BooksSpiegeloog 407: MotivationTabula Rasa

Tabula Rasa: 12 Rules for Life – An Antidote to Chaos

By October 5, 2020 October 6th, 2020 No Comments

Jordan Peterson is a Canadian clinical psychologist who suddenly appeared in the public eye with his controversial political views a couple of years ago. In his most recent book 12 Rules for Life, he proposes twelve principles that will help you get your life in order, and more importantly, find the meaning in it. His controversial identity obviously made his book a controversial one too. But as this is a magazine for psychology enthusiasts, the scope of this review will be limited to psychology.

Peterson starts his book by revealing the claim that life is tragic, chaotic, and filled with suffering. As pessimistic as it sounds, the claim has merit. It is true that there are obstacles everywhere in life and suffering is a fact. What to do then? What motivates us to live despite suffering? Most people would say “it’s the little happy moments in life”, but Peterson doesn’t really agree with that. Instead, he says the antidote to suffering is the meaning in life. Happiness is too fragile but meaning is with us during all ups and downs, and it makes life worth suffering.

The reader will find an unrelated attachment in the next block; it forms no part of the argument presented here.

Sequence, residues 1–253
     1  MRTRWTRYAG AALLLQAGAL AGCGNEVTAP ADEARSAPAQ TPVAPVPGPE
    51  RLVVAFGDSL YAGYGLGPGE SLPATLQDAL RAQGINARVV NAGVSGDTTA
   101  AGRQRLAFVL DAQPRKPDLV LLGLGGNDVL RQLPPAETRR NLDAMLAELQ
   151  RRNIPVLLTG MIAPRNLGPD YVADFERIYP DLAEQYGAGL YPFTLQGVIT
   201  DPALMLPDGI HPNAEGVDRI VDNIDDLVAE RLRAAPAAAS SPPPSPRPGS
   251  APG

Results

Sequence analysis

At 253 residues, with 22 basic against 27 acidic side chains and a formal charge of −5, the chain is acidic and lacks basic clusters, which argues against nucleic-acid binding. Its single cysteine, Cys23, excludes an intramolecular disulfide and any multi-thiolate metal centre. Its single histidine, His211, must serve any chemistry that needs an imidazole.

In 12 Rules for Life Peterson tells us his recipe to find this magical meaning: by incrementally improving ourselves. Although it sounds a bit abstract, the principles that he proposes are actually as simple as making friends with good people or standing up straight with your shoulders back. Take Rule 6 for example, “Set your house in perfect order before you criticize the world” or more commonly known in the internet as “Clean your room!”. In this rule’s chapter, Peterson tells his readers to take responsibility for their lives. Instead of blaming others for our own problems, we should just look at ourselves, see our flaws, and fix them. As it is not possible to perfectly fix ourselves overnight, Peterson also tells us to aim low. Start by making your bed every morning, keeping your room clean, or washing the dishes regularly. Aim low enough to have achievements and gain authority over your life. Then take it to a higher level every next day and constantly challenge yourself. Always be ready to improve yourself, keep looking around to see something that bothers you, and fix it. If you can have control over your room, in other words, if you can take care of yourself, then start taking care of your family and your friends. As you get better at taking care of yourself, the closest human being to you, you will also get better at understanding other people’s needs. In short, fill your own cup first. This way, you will be useful both to yourself and to the people that surround you.